Ari, it’s not quite a small subsection of Palestine as you say. Hamas is the democratically elected government of Gaza, and their charter states a clear goal of destroying Israel. Hamas are using the civilians as human shields, and are more to blame than Israel for the civilian casualties. The UN school that was shelled by the IDF tanks was used by Hamas to fire mortars from. Hamas would have done this deliberately hoping for Israel to attack the school in response so there would be civilian casualties. That is part of their strategy, to inflame western condemnation of Israel’s actions and make themselves look like the victims. There is no win-win situation to be found in this conflict, but don’t be fooled by Hamas into thinking they are the victims. These are the same people that threw their political opponents off buildings when they came to power. The same people that kill their citizens for selling goods to Jews.
They are deliberately trying to get Israel to kill civilians in front of the world media to garner sympathy.
I would support taking in refugees from Gaza. I would have no problem with say taking up to 2000.
Regarding a travel ban I see it as meaningless and nonsensical. Something with no impact whatsoever.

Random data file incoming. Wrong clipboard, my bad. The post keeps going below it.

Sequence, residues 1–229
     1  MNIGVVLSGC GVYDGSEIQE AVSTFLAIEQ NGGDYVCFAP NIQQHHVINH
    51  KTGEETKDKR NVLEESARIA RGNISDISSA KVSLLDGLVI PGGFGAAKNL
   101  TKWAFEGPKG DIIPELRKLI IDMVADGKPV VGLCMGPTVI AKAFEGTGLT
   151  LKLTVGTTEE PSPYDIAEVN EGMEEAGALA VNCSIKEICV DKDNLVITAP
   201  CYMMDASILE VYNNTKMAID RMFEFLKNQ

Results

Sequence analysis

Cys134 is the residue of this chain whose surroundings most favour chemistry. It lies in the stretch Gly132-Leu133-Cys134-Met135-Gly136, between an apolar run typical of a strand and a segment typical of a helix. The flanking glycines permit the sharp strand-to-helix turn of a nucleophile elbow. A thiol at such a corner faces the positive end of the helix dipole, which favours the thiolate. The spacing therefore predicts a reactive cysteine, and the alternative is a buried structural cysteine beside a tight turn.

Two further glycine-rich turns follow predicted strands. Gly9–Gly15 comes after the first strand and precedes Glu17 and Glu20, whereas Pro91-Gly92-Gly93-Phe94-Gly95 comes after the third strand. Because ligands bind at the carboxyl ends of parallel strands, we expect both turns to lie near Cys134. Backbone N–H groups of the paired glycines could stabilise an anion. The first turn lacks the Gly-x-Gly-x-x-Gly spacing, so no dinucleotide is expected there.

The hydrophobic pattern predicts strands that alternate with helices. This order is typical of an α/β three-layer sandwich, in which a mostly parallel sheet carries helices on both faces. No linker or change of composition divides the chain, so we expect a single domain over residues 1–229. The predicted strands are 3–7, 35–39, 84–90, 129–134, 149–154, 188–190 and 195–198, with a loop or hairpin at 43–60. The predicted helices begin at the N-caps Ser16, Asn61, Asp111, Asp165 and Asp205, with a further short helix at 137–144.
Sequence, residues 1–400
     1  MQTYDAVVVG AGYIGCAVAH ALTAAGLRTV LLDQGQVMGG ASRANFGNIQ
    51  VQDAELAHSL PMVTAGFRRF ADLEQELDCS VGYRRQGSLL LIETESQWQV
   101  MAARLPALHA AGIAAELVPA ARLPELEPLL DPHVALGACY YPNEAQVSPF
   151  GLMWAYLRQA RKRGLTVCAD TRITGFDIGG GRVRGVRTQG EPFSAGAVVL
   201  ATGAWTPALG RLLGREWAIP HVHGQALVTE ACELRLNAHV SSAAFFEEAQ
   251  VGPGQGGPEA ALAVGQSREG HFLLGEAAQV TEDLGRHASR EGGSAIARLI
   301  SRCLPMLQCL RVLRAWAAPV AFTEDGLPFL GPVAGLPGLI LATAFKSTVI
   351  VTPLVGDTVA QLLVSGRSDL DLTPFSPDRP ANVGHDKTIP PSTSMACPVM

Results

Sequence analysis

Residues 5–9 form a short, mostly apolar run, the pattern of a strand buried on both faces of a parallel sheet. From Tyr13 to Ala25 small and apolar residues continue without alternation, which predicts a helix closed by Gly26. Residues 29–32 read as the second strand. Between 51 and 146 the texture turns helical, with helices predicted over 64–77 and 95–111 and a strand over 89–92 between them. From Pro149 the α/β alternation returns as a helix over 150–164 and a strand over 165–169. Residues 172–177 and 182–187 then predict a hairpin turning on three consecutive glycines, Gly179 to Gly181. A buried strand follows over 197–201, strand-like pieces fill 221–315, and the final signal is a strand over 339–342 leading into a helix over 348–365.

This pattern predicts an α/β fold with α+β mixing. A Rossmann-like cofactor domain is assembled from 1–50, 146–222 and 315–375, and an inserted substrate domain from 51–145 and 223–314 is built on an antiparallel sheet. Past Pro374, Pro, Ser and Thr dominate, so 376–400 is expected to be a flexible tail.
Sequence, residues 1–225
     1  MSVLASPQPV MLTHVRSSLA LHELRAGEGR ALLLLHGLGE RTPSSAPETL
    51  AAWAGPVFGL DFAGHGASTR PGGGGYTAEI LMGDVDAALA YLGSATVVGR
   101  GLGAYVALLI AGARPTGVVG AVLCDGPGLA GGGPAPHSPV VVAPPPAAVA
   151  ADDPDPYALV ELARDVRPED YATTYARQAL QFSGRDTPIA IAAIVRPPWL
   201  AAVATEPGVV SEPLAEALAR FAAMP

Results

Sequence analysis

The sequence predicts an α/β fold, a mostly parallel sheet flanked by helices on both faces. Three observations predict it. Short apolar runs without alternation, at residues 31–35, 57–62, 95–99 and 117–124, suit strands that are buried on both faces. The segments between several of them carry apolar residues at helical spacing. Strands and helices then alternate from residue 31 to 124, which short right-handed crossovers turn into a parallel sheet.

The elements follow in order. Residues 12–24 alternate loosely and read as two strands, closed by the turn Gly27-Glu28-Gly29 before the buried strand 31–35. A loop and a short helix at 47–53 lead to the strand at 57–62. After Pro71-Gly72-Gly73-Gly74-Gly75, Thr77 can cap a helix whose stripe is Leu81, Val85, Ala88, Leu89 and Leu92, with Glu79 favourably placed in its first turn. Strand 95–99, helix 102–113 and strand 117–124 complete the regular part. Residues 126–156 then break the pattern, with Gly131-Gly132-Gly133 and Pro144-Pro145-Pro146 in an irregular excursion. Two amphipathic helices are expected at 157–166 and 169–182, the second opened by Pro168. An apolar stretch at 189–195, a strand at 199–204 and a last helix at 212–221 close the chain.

On Item 1, I suggest you look at 2 posts by Andrew Sullivan at The Daily Dish – Proportionality and Terror and Proportionality and Terror continued in which he addresses elements of Just War Theory amongst other matters. By the way Sullivan does not come down on the side of Israel but he lays out some useful factors and ideas for consideration
Including the fact that each and every rocket fired by Hamas, numbering thousands since May 2007 satisfies at least one common definition of war crime.
Much of my own view can be taken from this post at my blog, where I suggest that Israel may win the military battle, but not so strongly as to outweigh the loss of the media conflict.
Tom Semmens your comment re Clark:-
“It is incredible, in the vacuum that is Murray McCully the media were interviewing Helen Clark yesterday for a clear, concise and morally acceptable view on the matter.”
Helen Clark is entitled to her opinion as is any other citizen. She does not represent NZ anymore.
Further, her view is not necessarily morally acceptable, nor the only morally acceptable view. There are other valid views, which are morally acceptable.